-setting) makes it a certainty that an adversary attempting to classify a large
-number of sites with poor feature resolution will ultimately be overwhelmed by
-false positives. This problem is known in the IDS literature as the <ulink
+setting) makes it a certainty that an adversary attempting examine large
+amounts of Tor traffic will ultimately be overwhelmed by false positives (even
+after making heavy tradeoffs on the ROC curve to minimize false positives to
+below 0.01%). This problem is known in the IDS literature as the <ulink
Fallacy</ulink>, and it is the primary reason that anomaly and activity
classification-based IDS and antivirus systems have failed to materialize in
+the marketplace (despite early success in academic literature).
@@ -816,7 +816,9 @@ outside of the browser's ability to defend against, but it is worth mentioning
for completeness. In fact, <ulink
url="http://tails.boum.org/contribute/design/">The Tails system</ulink> can
provide some defense against this adversary, and it does include the Tor
+Browser. We do however aim to defend against an adersary that has passive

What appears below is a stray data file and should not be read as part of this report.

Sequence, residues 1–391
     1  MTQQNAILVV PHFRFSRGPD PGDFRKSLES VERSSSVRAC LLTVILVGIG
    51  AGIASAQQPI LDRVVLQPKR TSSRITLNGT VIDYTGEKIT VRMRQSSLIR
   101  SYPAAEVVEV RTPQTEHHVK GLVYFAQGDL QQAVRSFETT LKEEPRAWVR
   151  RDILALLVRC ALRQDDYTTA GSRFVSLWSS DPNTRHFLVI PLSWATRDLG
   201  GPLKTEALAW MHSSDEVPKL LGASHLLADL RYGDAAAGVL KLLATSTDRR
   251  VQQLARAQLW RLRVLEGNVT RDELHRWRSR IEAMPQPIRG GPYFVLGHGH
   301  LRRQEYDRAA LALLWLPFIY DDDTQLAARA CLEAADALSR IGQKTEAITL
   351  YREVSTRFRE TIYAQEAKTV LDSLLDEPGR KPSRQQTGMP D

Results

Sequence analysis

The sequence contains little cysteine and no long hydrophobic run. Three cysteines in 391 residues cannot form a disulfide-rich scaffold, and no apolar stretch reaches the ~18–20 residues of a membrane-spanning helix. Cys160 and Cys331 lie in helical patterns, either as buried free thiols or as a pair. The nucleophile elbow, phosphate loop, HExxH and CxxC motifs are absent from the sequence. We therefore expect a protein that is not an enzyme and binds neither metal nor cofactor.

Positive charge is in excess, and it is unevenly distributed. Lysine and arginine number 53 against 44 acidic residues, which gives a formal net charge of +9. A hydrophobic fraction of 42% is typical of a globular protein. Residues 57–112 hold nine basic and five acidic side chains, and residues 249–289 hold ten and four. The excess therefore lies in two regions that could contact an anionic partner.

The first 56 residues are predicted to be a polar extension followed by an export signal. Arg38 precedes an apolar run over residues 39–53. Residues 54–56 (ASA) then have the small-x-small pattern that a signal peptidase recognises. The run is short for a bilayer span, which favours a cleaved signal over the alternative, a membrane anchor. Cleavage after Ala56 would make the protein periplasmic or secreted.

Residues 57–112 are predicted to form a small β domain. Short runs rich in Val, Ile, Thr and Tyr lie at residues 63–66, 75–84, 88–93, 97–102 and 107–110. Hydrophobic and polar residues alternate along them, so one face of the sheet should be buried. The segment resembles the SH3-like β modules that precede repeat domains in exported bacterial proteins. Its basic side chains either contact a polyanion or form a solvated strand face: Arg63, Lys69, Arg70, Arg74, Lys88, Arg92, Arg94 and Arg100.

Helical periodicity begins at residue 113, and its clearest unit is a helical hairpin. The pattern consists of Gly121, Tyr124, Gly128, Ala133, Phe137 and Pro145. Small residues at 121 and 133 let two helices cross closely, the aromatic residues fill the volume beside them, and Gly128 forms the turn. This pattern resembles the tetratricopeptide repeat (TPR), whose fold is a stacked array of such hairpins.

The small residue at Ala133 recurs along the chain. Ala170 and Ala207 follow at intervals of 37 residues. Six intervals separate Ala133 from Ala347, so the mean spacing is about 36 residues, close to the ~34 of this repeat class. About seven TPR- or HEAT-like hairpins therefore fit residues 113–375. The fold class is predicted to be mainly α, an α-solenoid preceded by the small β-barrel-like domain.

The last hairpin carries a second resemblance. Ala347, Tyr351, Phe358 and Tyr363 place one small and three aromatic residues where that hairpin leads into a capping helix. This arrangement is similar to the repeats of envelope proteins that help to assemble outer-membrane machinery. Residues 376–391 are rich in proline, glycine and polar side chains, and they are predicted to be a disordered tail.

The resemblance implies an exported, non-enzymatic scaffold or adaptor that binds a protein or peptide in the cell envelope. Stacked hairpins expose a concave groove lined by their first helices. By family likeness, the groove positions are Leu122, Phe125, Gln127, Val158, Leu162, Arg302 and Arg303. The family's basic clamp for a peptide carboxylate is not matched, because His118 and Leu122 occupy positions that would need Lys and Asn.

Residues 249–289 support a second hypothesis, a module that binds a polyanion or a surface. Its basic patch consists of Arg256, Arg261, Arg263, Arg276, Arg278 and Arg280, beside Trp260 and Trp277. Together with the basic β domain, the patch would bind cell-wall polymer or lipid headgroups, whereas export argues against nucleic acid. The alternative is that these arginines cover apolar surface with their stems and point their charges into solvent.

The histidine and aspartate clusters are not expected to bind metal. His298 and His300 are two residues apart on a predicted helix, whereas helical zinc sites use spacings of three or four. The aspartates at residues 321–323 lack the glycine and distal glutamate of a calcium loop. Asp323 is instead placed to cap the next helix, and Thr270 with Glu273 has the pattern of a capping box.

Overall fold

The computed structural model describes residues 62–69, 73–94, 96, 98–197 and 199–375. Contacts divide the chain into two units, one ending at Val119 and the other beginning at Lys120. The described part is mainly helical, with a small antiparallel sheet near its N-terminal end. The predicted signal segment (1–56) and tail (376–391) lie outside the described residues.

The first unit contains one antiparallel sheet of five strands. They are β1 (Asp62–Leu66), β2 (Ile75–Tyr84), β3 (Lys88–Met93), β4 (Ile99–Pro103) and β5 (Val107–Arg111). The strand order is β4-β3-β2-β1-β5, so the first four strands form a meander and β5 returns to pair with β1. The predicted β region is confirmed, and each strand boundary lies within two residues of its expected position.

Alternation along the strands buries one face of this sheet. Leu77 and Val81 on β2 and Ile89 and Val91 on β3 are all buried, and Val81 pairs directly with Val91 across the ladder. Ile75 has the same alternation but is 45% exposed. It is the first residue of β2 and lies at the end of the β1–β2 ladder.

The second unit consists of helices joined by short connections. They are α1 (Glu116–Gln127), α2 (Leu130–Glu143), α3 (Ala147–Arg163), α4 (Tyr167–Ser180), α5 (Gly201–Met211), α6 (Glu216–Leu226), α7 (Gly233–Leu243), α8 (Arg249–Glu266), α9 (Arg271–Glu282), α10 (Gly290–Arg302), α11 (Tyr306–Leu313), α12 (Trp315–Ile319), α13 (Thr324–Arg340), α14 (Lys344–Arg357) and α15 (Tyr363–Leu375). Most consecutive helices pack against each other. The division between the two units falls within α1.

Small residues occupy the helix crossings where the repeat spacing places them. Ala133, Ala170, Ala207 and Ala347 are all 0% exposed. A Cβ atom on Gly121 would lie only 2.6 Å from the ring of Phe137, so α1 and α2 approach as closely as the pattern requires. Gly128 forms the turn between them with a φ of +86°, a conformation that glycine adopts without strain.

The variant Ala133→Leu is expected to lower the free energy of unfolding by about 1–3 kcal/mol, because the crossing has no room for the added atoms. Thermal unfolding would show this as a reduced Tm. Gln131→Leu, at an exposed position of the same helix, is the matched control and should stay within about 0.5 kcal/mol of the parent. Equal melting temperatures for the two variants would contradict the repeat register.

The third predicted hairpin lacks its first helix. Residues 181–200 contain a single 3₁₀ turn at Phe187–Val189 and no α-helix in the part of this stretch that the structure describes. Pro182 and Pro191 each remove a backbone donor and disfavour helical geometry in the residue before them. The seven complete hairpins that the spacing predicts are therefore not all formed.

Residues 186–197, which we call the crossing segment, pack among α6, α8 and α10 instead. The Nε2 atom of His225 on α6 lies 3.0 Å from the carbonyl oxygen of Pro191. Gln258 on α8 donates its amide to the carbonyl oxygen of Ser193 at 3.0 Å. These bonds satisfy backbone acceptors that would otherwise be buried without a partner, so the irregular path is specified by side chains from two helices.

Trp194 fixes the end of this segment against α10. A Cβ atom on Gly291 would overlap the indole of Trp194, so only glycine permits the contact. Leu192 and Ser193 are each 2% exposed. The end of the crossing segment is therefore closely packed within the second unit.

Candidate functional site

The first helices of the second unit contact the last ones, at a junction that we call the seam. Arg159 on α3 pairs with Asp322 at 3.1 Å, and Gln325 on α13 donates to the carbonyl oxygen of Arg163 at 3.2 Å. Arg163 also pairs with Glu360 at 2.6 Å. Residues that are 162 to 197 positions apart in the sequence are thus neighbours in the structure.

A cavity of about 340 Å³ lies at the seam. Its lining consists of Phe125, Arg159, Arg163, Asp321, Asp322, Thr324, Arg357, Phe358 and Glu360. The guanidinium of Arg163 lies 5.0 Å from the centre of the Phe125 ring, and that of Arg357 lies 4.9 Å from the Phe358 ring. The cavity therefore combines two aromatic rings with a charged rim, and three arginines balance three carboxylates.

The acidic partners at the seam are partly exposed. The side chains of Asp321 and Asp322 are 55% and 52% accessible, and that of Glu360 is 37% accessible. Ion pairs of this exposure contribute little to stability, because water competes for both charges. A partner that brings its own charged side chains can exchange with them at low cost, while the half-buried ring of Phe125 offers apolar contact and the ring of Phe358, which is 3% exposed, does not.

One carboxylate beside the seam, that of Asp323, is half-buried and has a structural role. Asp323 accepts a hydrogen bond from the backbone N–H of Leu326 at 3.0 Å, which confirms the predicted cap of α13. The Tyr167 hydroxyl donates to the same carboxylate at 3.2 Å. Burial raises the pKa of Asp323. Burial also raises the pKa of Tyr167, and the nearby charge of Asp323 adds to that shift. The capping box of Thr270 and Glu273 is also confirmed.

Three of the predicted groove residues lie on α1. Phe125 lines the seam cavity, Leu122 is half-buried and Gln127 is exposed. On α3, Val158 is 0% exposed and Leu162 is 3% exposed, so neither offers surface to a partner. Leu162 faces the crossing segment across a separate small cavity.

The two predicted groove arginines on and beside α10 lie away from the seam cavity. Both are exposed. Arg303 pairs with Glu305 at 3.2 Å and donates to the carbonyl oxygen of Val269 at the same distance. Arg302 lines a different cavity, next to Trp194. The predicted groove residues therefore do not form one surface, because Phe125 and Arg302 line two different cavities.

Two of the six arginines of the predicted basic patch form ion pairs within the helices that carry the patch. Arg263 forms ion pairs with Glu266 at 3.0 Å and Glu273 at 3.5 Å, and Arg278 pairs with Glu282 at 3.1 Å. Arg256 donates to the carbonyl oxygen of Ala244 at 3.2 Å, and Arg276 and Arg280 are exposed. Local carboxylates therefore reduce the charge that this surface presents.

+forensic access the disk after browsing activity takes place, as part of our
+<link linkend="disk-avoidance">Disk Avoidance</link> defenses.
@@ -1151,7 +1153,8 @@ with OCSP relying the cacheKey property for reuse of POST requests</ulink>, we
had to <ulink
Firefox to provide a cacheDomain cache attribute</ulink>. We use the fully
-qualified url bar domain as input to this field.
+qualified url bar domain as input to this field, to avoid the complexities
+of heuristically determining the second-level DNS name.
@@ -1162,7 +1165,7 @@ isolation scheme than the Stanford implementation. First, we decoupled the
cache isolation from the third party cookie attribute. Second, we use several
mechanisms to attempt to determine the actual location attribute of the